W HO W AS M ARIE C URIE ? Marie Curie, was born in Warsaw in modern-day Poland on November 7, Both of Marie Curies parents were teachers, and she was the youngest of five children, following siblings Zosia, Józef, Bronya and Hela. As a child Curie took after her father, Wladyslaw, a math and physics instructor. She had a bright and curious mind and excelled at school. However, tragedy struck early: When she was only 10, Curie lost her mother to tuberculosis.
E DUCATION A top student in her secondary school, Curie could not attend the men's-only University of Warsaw. She instead continued her education in Warsaw's "floating university," a set of underground, informal classes held in secret. Both Curie and her sister Bronya dreamed of going abroad to earn an official degree, but they lacked the financial resources to pay for more schooling. For roughly five years, Curie worked as a tutor and a governess. She used her free time to study, reading about physics, chemistry and math. In 1891, Curie finally made her way to Paris and enrolled at the Sorbonne. She threw herself into her studies, but this dedication had a personal cost. With little money, Curie survived on buttered bread and tea, and her health sometimes suffered because of her poor diet. Curie completed her master's degree in physics in 1893 and earned another degree in mathematics the following year.
H USBAND AND D AUGHTERS In 1891, she went to Paris to study physics and mathematics at the Sorbonne where she met Pierre Curie, professor of the School of Physics. They were married in In 1897 Marie and Pierre Curie welcomed a daughter, Irène. The couple had a second daughter, Ève, in Irène Joliot-Curie followed in her mother's footsteps, winning the Nobel Prize in Chemistry in Joliot-Curie shared the honor with her husband, Frédéric Joliot, for their work on the synthesis of new radioactive elements. Pierre's life was cut short in 1906 when he was knocked down and killed by a carriage.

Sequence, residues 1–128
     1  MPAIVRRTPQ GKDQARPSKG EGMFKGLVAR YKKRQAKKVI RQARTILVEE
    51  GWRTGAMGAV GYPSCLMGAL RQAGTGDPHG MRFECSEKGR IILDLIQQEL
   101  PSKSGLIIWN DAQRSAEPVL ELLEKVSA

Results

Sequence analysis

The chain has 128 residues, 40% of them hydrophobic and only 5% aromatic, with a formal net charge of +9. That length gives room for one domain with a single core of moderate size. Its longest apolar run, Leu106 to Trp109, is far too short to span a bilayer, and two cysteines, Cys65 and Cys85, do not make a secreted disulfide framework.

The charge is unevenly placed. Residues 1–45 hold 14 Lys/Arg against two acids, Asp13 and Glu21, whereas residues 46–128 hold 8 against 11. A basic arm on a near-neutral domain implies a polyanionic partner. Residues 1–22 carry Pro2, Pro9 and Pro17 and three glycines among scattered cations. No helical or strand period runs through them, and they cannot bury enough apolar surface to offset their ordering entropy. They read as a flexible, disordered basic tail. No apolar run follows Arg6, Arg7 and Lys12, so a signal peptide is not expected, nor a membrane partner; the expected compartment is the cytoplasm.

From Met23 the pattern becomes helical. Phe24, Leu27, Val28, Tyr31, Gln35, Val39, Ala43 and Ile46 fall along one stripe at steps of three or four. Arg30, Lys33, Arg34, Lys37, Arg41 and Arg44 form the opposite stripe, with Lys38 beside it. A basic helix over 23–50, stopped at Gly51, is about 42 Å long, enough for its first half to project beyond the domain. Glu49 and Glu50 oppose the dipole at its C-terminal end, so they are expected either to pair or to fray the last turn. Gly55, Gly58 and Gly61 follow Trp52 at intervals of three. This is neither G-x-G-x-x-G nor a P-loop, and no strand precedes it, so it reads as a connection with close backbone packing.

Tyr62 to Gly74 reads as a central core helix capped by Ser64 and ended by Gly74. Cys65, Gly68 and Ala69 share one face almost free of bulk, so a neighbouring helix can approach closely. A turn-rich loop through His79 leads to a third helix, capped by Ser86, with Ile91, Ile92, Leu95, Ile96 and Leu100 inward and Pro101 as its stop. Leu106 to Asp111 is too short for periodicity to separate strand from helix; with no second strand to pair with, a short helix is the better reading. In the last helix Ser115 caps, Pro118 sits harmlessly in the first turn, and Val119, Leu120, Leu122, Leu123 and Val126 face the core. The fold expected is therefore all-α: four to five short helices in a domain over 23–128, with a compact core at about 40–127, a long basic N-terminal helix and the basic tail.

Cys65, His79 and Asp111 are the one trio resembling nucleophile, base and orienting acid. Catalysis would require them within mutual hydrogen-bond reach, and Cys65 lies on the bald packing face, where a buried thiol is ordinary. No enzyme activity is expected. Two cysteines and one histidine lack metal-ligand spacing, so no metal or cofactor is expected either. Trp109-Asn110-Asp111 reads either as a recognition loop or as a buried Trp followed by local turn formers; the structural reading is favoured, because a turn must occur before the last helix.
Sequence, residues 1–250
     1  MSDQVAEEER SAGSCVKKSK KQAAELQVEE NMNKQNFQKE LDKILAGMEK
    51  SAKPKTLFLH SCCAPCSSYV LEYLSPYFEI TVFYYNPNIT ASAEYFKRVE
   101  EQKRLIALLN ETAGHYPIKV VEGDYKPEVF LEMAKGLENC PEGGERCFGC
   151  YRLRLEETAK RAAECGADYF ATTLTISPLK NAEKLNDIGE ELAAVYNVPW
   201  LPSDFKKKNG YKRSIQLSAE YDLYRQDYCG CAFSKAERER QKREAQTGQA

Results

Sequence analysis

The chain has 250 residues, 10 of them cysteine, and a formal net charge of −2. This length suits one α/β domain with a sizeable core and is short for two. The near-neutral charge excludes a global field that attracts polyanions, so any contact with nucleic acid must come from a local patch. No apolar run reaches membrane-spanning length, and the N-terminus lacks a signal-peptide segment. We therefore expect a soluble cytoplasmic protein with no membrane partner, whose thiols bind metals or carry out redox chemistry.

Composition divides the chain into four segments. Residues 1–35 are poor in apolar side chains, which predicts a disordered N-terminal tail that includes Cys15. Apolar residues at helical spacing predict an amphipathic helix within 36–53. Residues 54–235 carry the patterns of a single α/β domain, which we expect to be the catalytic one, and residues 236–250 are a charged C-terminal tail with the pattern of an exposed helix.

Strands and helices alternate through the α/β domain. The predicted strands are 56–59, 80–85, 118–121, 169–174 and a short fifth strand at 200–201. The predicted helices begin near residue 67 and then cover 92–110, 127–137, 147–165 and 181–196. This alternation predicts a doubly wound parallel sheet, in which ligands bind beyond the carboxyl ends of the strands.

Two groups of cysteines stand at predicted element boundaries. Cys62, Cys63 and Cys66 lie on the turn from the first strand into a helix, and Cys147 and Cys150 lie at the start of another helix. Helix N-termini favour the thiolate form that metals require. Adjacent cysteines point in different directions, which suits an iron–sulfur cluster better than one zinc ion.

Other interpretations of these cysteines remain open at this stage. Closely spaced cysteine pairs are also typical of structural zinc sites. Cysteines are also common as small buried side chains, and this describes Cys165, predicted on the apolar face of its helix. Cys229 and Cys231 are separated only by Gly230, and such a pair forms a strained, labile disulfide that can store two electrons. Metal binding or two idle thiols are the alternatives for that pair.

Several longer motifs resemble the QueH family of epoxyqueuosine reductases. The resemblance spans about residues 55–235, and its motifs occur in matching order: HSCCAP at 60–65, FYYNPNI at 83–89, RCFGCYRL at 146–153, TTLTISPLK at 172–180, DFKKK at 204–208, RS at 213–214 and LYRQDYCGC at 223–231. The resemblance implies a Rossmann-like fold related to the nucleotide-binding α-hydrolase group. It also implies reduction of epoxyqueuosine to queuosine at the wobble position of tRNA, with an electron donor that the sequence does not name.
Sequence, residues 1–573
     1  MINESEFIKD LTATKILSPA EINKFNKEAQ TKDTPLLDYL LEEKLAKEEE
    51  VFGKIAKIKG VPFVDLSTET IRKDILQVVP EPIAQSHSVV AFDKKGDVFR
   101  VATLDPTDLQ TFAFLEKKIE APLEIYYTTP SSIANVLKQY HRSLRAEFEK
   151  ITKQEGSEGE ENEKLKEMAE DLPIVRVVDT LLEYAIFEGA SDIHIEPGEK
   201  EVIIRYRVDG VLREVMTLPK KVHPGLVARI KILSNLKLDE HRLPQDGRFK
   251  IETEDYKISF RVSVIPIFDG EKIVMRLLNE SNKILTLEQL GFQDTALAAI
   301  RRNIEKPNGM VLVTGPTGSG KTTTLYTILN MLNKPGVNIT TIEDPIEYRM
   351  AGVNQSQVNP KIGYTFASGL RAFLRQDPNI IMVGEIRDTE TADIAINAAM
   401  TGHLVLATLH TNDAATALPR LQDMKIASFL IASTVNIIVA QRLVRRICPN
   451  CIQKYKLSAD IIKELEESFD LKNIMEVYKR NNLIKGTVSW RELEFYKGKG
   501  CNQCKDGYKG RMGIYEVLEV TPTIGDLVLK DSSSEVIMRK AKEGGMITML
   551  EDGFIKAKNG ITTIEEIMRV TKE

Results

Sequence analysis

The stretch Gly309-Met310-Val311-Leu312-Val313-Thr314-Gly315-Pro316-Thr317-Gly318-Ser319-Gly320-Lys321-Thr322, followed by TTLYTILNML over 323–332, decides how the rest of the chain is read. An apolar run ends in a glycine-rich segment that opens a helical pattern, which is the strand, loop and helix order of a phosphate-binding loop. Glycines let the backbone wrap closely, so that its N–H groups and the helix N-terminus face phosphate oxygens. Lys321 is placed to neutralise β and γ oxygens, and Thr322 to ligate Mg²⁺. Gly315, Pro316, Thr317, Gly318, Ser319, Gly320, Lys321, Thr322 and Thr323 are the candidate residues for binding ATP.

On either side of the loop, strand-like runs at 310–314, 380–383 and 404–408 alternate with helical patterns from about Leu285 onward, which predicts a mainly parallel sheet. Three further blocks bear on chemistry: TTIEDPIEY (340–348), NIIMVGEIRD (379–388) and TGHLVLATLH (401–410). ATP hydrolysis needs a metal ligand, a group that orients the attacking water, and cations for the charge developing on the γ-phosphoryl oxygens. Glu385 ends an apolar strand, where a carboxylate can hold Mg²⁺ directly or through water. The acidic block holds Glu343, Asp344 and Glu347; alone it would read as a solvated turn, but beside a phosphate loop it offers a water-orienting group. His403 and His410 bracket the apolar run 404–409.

W HAT D ID M ARIE C URIE D ISCOVER ? The Curies worked together investigating radioactivity, building on the work of the German physicist Roentgen and the French physicist Becquerel. In July 1898, the Curies announced the discovery of a new chemical element, polonium. At the end of the year, they announced the discovery of another, radium. The Curies, along with Becquerel, were awarded the Nobel Prize for Physics in Marie took over his teaching post, becoming the first woman to teach at the Sorbonne, and devoted herself to continuing the work that they had begun together. She received a second Nobel Prize, for Chemistry, in The Curie's research was crucial in the development of x-rays in surgery. During World War One Curie helped to equip ambulances with x-ray equipment, which she herself drove to the front lines. The International Red Cross made her head of its radiological service and she held training courses for medical orderlies and doctors in the new techniques.
N OBEL P RIZES Marie Curie was the first woman to win a Nobel Prize and the first personman or womanto win the prestigious award twice. She remains the only one to be honored for accomplishments in two separate sciences. In 1903, Curie received the Nobel Prize in Physics, along with her husband and Henri Becquerel, for their work on radioactivity. With their win, the Curies developed an international reputation for their scientific efforts, and they used their prize money to continue their research. In 1911, Curie won her second Nobel Prize, this time in Chemistry, for her discovery of radium and polonium.